Even the folks at Oreo hadn't heard of this one.

By Jelisa Castrodale
Updated February 14, 2020

The USA Today crossword puzzle that ran on Wednesday was a pretty good one for food lovers. The clue for 64 Across was "pricey Japanese beef," 5 Down was "Slippery fish used in hitsumabushi," and 10 Down was "Cookie that some people eat with mustard." The answers were, of course, Kobe, eel, and...wait, no, that can't be right. No one eats Oreos with mustard, do they? 

Gingagi / Lauri Patterson / Getty Images

When 'Oreo' was revealed to be the correct answer, people were confused and upset and angry—especially the ones who tried that cursed combination. Brett Murphy, a reporter on the USA Today Network's investigations desk, tweeted a screenshot of an email that he said he'd sent to the clue-crafters, and those seven paragraphs were a journey.

"I eventually filled in OREO [in the crossword puzzle]. I was confused, but willing to admit my ignorance for the sake of completing your godforsaken puzzle," he wrote. "And then I tried it." 

Murphy said that he acquired some Oreo cookies, topped them with mustard, and that the result was "wretched." (Honestly, just reading the words 'Oreo' and 'mustard' in the same sentence is enough to make us swear off both products for the next several months, if not for the rest of our natural lives.) 

"Who exactly are the 'some people' that consume Oreos with mustard?" he wrote. "I would like to have a word with them. If you could kindly provide their phone numbers and mailing addresses, I would be most appreciative." 

The Oreo-and-mustard eaters must keep a low profile—possibly because they're lizard people?—because they aren't making themselves known on Twitter. "The fact that Oreo actually is the correct answer should be a criminal offense," one woman responded. "Sounds like the crossword author trying to normalize his or her horrifying behavior," another person added.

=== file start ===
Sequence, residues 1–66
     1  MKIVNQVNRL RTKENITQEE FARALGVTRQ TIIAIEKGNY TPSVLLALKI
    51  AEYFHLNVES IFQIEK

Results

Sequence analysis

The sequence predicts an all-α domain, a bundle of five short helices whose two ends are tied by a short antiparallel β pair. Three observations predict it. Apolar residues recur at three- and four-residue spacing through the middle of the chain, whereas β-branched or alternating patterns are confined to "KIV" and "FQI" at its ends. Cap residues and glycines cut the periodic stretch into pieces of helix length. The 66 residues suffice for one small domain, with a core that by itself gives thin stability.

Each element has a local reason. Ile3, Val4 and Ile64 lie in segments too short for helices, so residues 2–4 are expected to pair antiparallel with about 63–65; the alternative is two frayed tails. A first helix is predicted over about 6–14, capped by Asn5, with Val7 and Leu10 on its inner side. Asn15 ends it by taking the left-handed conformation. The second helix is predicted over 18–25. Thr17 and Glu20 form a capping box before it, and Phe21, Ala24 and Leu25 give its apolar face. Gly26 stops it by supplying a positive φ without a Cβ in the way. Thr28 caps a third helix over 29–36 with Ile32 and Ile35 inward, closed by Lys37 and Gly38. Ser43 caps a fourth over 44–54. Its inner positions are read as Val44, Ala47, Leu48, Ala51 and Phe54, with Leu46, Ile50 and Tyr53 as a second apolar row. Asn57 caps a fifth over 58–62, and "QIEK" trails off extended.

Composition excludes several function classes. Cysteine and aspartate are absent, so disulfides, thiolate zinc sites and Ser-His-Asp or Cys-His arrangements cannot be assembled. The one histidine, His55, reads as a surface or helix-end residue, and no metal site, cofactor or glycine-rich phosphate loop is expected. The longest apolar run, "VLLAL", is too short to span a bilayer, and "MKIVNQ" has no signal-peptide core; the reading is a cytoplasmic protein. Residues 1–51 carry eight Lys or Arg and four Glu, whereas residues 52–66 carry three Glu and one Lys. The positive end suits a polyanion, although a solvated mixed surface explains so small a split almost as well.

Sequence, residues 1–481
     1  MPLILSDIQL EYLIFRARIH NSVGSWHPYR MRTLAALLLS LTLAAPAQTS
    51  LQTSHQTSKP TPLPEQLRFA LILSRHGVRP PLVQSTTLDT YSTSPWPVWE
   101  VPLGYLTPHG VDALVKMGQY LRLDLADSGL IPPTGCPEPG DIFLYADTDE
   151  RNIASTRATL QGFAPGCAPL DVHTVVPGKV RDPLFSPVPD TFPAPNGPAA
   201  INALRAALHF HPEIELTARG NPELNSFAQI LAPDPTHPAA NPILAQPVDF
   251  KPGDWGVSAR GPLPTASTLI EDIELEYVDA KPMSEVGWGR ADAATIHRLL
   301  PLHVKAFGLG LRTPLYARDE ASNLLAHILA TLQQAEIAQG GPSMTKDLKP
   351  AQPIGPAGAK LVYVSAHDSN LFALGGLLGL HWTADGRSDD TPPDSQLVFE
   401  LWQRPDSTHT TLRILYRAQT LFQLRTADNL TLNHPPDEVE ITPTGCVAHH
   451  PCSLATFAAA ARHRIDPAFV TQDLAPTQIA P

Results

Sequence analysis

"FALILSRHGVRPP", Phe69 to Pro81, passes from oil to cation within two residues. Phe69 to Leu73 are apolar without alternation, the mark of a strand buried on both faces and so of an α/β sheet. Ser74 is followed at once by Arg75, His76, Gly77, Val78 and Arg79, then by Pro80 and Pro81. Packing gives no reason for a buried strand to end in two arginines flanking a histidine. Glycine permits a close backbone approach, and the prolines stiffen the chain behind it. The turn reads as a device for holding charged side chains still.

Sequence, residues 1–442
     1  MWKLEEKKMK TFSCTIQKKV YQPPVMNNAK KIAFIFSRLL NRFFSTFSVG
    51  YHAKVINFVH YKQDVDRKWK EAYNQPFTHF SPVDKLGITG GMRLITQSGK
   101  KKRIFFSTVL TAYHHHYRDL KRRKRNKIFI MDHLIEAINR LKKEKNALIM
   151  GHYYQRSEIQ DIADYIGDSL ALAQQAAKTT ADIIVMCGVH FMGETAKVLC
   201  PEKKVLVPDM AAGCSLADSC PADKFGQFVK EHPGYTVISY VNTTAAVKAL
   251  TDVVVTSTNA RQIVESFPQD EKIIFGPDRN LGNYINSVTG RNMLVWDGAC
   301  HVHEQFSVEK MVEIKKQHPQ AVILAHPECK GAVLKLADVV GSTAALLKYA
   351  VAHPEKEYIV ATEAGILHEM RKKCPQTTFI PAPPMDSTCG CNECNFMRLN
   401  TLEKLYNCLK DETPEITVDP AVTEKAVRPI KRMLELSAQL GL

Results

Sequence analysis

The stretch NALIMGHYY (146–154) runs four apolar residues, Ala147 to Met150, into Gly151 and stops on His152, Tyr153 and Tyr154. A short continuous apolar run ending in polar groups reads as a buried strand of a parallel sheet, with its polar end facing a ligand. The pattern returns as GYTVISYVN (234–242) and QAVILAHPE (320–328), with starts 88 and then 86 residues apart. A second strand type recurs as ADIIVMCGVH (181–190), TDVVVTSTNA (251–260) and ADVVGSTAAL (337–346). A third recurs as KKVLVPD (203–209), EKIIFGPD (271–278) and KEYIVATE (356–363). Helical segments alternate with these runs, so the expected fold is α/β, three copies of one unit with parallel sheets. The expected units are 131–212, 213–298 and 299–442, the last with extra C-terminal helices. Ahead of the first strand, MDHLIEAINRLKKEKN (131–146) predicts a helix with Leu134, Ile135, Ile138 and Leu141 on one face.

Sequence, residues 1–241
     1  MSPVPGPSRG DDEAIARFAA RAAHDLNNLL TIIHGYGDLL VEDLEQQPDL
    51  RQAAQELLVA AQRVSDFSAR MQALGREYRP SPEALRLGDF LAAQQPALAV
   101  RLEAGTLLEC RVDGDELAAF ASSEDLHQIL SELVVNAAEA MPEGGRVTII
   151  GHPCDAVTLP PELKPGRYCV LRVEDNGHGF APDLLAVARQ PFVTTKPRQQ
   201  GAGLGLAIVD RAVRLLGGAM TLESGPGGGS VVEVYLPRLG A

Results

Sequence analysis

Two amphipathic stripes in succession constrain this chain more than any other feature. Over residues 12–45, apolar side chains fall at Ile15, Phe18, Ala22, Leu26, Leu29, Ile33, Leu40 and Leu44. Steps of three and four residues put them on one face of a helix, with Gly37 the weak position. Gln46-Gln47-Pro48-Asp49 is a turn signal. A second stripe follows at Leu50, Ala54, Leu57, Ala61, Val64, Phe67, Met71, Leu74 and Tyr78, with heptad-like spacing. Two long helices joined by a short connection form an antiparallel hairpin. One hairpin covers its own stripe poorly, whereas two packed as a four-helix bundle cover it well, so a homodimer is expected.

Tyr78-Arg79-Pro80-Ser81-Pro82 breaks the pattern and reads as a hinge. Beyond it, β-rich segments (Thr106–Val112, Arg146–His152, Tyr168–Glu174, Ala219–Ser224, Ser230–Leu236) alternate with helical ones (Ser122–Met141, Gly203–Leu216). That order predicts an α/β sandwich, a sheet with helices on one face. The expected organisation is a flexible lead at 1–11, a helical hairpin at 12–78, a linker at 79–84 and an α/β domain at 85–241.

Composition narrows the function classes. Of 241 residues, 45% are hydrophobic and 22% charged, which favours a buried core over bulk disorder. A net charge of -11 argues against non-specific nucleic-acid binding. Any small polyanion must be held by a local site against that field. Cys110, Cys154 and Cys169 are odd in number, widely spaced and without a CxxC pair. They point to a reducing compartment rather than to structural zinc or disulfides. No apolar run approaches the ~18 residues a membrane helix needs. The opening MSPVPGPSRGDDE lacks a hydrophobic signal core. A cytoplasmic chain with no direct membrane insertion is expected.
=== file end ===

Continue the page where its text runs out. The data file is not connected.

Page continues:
This cookie-and-condiment abomination seemed to be a new one for Oreo itself. "Adds mustard to list of unusual things people dunk OREO cookies into," the brand's official @Oreo account wrote. 

Josh Spiegel, a writer for Slashfilm, was upset enough to try to find the combination's origin story, and his investigoogling led him to a book called The Summer of '72: Haight Ashbury to Alaska, which is author Ted Soderberg's account of—you guessed it—that time in 1972 when he spent his summer break on a commercial fishing boat in southern Alaska. 

In the book, Soderberg recounts a particularly rough trip toward Seattle, and it was also the night that he decided to mess with another sailor who was already feeling pretty seasick. He grabbed some canned sardines, canned peaches, a package of Oreos, and a jar of yellow mustard from the ship's galley, sat down in front of his struggling friend, and proceeded to go full USA Today crossword on him. 

"'Did you know that Oreos taste better if you spread a little mustard on them?' I then spread a big glob of mustard on two Oreos, shoved one in my mouth as mustard dripped down my chin, and extended the last one toward Lenny," he wrote. "'Here you go buddy, give it a try.' 

"'Ugh how can you eat Oreos with mustard,' [Lenny said]. And at that point—" 

Actually we have no idea what happened at that point, because the Google Books preview ends there, but if there's any justice in this world, Lenny threw Soderberg and his nasty snacks right into the sea.

In that same Wednesday crossword, there was also a clue about "log shaped pastries." The answer was eclair and so help us, if USA Today ever suggests filling those with mustard, then we'll be ready to fight.

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